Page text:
Opera Week Makes A Noise In Baltimore

Arts Scene

Hartigan's Art Is Subject Of Retrospective At Grimaldis

November 17, 2009|By Tim Smith

If you didn't know that this is National Opera Week, a glance at the local scene would make you suspect something of the kind. Three companies in Baltimore alone will be busy with performances; add in College Park and Washington, and it looks like an epidemic.

The designation of Nov. 13 to 22 as National Opera Week (easier to market than National Opera Ten-Day Period) was made by Opera America, the service organization representing about 150 companies, and the National Endowment for the Arts. The celebrating began last Friday in D.C. with the awarding of the 2009 NEA Opera Honors (recipients included mezzo Marilyn Horne and composer John Adams).

It's really a coincidence that so much operatic activity happens to have been planned for this week in Baltimore, but it makes a neat - and encouraging - tie-in to National Opera Week.

Of particular interest is the debut of Baltimore Opera Theater, organized by Bulgarian-born impresario Giorgio Lalov, whose opera company, Teatro Lirico d'Europa, has toured for 20 years, and his wife, Baltimore native Jenny Kelly, who has been involved in the booking of Teatro Lirico and other cultural enterprises.

Baltimore Opera Theater will present two staged productions this season, starting with Rossini's "The Barber of Seville" this weekend at the Hippodrome.

"Everything is going fine," Lalov says. "We have great singers - that's what matters. We are using local musicians from Baltimore; many of them played with Baltimore Opera [Company]. And we have a very good local conductor, Markand Thakar, who you know for his work with the Baltimore Chamber Orchestra."

Lalov promises a "traditional, funny staging." The cast, drawn primarily from artists Lalov has worked with through Teatro Lirico, is headed by Petar Danailov as Figaro and Viara Zheleova as Rosina.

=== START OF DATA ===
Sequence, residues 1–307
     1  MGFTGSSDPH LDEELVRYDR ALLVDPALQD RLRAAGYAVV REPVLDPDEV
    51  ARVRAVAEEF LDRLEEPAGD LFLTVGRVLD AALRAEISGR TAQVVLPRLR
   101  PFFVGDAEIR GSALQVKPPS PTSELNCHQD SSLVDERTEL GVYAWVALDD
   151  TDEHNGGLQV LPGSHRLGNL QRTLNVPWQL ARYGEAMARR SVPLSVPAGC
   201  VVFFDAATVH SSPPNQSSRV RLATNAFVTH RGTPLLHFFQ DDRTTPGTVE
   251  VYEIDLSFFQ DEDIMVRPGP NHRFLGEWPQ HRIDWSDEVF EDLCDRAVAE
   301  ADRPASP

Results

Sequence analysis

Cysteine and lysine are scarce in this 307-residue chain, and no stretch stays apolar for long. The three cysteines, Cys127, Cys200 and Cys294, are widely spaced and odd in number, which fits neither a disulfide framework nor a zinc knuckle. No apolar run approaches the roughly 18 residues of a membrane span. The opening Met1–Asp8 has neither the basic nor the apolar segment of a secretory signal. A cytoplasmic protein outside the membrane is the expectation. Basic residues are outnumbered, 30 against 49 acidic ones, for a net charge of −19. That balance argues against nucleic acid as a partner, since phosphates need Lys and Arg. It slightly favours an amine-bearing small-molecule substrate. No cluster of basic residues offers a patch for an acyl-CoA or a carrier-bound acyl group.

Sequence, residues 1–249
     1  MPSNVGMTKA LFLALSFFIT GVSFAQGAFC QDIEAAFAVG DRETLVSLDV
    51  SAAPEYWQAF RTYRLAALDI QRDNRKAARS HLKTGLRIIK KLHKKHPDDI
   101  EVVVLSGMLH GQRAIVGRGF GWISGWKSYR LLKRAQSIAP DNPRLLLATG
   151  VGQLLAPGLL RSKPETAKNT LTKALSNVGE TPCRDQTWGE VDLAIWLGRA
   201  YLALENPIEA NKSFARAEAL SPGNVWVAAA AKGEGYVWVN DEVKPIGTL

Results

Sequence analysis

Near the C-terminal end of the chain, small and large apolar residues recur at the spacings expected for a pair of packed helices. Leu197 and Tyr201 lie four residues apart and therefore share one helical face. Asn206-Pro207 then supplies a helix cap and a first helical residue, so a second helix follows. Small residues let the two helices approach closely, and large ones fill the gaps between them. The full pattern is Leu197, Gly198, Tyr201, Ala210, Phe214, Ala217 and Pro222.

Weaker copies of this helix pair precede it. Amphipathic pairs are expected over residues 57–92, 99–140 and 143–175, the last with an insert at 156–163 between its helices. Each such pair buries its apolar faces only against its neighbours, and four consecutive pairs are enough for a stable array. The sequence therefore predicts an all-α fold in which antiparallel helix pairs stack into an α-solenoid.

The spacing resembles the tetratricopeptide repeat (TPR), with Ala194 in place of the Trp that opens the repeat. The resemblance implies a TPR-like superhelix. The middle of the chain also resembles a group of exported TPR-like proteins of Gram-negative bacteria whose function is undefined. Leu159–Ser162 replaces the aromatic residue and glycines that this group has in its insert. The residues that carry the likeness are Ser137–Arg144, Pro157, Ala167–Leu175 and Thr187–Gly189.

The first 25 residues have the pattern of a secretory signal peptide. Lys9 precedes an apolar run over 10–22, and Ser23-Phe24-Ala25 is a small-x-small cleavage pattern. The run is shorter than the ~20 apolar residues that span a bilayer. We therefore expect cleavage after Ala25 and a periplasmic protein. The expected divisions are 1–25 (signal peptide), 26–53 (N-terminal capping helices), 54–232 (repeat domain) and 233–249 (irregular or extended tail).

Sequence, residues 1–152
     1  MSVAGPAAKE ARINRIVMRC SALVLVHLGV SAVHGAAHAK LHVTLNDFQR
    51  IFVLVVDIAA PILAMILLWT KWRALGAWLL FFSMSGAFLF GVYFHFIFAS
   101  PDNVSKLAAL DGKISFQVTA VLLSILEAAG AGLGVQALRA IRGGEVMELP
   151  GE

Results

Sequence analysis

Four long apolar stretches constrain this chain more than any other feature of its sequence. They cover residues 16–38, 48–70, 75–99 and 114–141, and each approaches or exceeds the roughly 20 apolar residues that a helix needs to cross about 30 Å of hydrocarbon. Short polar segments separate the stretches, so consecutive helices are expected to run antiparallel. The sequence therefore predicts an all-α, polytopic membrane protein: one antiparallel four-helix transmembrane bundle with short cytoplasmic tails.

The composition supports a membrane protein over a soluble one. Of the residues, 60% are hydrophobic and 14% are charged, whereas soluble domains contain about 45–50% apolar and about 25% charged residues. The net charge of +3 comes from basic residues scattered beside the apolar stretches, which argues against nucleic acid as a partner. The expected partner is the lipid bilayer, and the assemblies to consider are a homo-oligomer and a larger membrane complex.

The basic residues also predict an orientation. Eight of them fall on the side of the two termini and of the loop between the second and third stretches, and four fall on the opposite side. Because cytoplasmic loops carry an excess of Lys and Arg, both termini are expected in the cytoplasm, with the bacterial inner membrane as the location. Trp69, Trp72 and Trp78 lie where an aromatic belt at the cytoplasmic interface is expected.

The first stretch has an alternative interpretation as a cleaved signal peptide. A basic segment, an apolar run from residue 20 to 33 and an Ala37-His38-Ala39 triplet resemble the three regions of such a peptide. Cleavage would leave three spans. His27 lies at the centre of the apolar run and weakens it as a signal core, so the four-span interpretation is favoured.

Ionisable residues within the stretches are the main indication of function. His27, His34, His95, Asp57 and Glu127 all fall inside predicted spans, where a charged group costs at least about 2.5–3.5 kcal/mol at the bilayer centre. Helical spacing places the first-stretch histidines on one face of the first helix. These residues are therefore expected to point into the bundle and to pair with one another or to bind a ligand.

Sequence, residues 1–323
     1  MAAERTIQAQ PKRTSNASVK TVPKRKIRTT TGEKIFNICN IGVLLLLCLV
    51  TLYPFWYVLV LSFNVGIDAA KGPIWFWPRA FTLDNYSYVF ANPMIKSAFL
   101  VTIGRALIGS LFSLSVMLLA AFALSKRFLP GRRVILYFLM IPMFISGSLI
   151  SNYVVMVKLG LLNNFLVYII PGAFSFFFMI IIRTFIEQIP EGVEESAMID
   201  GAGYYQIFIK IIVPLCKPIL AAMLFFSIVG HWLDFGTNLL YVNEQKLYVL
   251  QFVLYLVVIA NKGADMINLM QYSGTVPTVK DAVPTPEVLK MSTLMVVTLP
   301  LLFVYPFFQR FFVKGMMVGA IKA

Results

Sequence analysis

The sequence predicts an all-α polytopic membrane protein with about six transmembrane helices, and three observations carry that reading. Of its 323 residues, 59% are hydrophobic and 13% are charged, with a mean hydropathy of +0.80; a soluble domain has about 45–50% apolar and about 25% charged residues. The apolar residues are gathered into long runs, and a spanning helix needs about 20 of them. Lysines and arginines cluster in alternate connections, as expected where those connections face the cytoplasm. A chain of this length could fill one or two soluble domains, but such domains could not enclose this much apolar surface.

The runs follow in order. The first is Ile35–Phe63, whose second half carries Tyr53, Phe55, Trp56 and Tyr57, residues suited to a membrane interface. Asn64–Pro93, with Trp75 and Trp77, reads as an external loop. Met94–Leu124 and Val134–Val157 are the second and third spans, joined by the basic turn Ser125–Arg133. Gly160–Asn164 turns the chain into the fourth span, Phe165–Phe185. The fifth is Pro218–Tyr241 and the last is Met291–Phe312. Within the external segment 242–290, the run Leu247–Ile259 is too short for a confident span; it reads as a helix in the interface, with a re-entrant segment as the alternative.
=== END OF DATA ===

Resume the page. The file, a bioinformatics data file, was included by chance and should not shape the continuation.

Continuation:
Verdi's "Rigoletto," with some Baltimore-area singers in the small roles, will be performed March 11. Lalov is planning "a minimum of three productions next season," including Verdi's "La Traviata" and Puccini's "La Boheme."

As for this weekend, "I always cross my fingers," Lalov says. "But I've put on 4,000 shows and never missed one."

"The Barber of Seville" will be performed at 3 p.m. Sunday at the Hippodrome, 12 N. Eutaw St. For tickets, call 410-547-7328 or go to ticketmaster.com.

Meanwhile, Baltimore Concert Opera, which opened its second season in September with Gounod's "Faust," continues the season with two performances this week of Donizetti's "Don Pasquale."

The company is marking National Opera Week by offering first-time opera-goers free tickets to Wednesday's performance. (For instructions, go to operaamerica.org.)

"We're in the business of trying to build interest in the art form," says Baltimore Concert Opera general director Brendan Cooke. He says that response to the company, which debuted last season, "is generally very good. We've had people tell us they don't miss the staging or the orchestra."

The "Don Pasquale" cast includes Adam Fry in the title role, Leah Inger as Norina and Tim Augustin as Ernesto. James Harp will be the pianist. Says Cooke: "When you can't have an orchestra, Jimmy is the next best thing."

Performances are at 7:30 p.m. Wednesday, 8 p.m. Saturday at the Engineers Club, 11 W. Mount Vernon Place. For tickets, call 443-844-3496 or go to baltimoreconcertopera.com.

More opera to consider this week: from Peabody Opera Theatre, Mozart's "Cosi fan tutte" Thursday through Sunday (410-234-4800); from Opera Vivente, open house Friday through Sunday (410-547-7997); from Maryland Opera Studio, Mozart's "La finta giardiniera" and Donizetti's "L'elisir d'amore" alternating Thursday through Nov. 24 at the Clarice Smith Center (301-405-2787); from Washington Concert Opera, Gounod's "Faust" Sunday at Lisner Auditorium (202-364-5826).

Hartigan retrospective

The late Grace Hartigan became one of Baltimore's best known and most admired artists after arriving in the early 1960s. She was a considerable force among Abstract Expressionists, and her work can be seen in major museums in this country and abroad. She also was a revered teacher at MICA.

"Grace Hartigan (1922-2008): A Life in Painting," which opens Wednesday at the C. Grimaldis Gallery, brings together a retrospective of her works from the 1950s to some of the last pieces she created. The exhibit runs through Jan. 9 at the gallery, 523 N. Charles St. For more information, call 410-539-1080 or go cgrimaldisgallery.com.

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